In 1975 work was started by Richard Beidler on the Sun House, a geo-solar facility that slept 15 in semi-private quarters. It was built as a labor of love by 175 people, some with no previous knowledge of construction, but with more than enough enthusiasm. John Bachelder renovated the building in October of 1994 and the name was changed to Calvin Cottage. Tucked away in the pines, it still features multi-level decks, a small, complete kitchen, an airtight wood-burning stove, a significant stove-place, and a cherry wood cathedral ceiling in the living area. The lower level was used for staff housing, while the upstairs serves as a beautiful rental facility.
Rustic, with south facing open fronts, Adirondackshelters near the lake provide year-round camping and have been used during summer time by many different groups including the ARC Campers.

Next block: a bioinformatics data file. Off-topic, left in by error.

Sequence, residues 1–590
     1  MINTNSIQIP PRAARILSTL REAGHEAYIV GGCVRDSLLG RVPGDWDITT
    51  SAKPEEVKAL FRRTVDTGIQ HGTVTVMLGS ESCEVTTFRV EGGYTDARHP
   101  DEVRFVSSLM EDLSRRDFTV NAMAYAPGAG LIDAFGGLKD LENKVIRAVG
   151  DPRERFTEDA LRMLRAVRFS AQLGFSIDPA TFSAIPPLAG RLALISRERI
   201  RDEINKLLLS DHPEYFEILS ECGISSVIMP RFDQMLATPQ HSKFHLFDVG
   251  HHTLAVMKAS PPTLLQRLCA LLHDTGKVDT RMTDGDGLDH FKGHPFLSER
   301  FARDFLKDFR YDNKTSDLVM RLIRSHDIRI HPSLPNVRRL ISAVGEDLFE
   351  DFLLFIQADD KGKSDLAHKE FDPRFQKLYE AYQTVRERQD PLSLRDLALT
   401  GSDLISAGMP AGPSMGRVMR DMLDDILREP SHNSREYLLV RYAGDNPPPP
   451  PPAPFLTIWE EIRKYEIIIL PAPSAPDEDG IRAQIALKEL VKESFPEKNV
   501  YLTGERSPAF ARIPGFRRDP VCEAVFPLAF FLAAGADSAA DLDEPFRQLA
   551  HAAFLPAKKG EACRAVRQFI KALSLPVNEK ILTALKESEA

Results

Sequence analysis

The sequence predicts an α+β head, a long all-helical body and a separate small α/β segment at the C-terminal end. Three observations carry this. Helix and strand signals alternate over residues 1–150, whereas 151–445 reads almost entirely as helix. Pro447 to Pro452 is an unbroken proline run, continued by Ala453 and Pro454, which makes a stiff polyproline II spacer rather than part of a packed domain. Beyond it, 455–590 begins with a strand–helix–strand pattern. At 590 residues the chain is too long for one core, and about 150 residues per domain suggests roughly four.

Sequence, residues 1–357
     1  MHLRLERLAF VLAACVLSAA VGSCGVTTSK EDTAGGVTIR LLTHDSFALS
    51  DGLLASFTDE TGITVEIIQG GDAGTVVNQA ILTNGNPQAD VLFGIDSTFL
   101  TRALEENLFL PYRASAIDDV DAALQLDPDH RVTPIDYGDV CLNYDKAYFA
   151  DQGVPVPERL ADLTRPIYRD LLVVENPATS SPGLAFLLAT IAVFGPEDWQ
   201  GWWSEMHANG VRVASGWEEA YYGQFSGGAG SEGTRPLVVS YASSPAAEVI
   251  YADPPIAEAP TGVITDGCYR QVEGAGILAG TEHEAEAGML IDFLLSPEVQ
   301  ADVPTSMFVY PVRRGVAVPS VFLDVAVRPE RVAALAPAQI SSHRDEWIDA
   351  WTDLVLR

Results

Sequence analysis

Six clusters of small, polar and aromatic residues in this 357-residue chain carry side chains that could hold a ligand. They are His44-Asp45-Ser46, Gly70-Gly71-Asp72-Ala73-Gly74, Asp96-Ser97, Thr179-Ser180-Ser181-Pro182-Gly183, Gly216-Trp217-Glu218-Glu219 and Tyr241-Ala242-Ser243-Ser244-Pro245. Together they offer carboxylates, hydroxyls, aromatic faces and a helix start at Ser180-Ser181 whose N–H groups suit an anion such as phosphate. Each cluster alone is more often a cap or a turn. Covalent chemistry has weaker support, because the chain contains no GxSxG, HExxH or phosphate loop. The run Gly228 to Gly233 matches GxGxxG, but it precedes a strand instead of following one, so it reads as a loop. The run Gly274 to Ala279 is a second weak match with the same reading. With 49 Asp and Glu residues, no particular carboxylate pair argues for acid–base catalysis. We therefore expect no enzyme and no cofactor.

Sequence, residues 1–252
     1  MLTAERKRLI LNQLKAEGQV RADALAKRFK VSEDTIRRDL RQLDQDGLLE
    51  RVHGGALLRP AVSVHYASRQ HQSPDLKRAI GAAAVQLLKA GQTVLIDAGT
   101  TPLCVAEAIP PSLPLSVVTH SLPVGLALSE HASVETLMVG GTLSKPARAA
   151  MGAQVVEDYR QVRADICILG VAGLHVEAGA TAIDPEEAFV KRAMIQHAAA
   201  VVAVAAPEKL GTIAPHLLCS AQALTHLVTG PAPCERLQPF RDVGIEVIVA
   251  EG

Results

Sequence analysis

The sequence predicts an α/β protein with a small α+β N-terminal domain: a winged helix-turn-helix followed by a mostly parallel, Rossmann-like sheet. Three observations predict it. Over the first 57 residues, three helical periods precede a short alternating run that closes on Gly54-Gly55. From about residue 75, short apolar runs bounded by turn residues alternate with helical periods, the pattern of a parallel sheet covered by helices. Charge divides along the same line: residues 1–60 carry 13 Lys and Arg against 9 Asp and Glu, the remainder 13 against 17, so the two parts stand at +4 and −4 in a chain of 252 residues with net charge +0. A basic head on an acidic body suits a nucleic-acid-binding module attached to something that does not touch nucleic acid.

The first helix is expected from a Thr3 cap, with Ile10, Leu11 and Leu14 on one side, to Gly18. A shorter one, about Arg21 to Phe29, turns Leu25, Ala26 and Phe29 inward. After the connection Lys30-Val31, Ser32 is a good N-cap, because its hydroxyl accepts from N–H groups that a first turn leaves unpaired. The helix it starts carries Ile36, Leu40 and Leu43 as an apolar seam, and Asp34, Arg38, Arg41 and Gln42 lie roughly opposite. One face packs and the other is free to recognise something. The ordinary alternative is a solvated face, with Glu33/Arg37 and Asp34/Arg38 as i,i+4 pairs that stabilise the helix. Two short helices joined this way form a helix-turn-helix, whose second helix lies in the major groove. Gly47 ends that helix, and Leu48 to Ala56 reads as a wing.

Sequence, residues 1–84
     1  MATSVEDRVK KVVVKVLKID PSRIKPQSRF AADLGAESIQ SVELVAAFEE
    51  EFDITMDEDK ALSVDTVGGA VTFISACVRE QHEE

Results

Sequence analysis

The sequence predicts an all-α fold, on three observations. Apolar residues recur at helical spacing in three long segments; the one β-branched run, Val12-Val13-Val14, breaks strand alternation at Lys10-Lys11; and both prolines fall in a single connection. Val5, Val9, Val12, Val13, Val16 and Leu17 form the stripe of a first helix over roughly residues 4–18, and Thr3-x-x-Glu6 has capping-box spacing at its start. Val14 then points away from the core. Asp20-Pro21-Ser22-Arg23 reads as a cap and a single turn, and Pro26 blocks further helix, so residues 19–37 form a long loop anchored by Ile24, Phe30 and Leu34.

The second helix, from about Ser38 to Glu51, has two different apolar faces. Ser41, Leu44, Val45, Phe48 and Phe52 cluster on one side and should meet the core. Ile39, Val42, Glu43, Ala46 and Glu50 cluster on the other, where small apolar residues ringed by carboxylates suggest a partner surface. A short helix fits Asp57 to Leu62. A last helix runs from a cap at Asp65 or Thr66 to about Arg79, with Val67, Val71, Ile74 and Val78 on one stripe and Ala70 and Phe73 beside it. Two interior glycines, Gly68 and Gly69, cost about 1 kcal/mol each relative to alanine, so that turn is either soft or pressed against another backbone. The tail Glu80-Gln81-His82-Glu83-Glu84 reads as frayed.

Central College Presbyterian Church carries on an annual summer camping program for inner city youth, having equipped Picnic V for 30 kids per week.
Tent and trailer sites are available as well as shelters for day camps and picnics.
The Craft House is a memorial gift building, donated by a member of Lancaster 1st Presbyterian Church and completed in 1989. It is used during the summer camp and outdoor education programs for a variety of artistic adventures. In 1997 it was remodeled to reflect its new use as a satellite Resource Centerand meeting room. Craft sessions are still held in the basement and on the craft deck, leaving the upstairs available for meetings year ‘round.
Decorative gardens and trees unique to the area enhance the grounds as memorials to over 30 friends of Geneva Hills.
All of the many miles of trails have been marked. Geneva Hills’ neighbors have commented that they don’t find nearly as many lost folks wandering around on their property anymore! Flora and fauna and Black Hand sandstone rock formations show the influence of Illinoian and Wisconsin glacial moraine.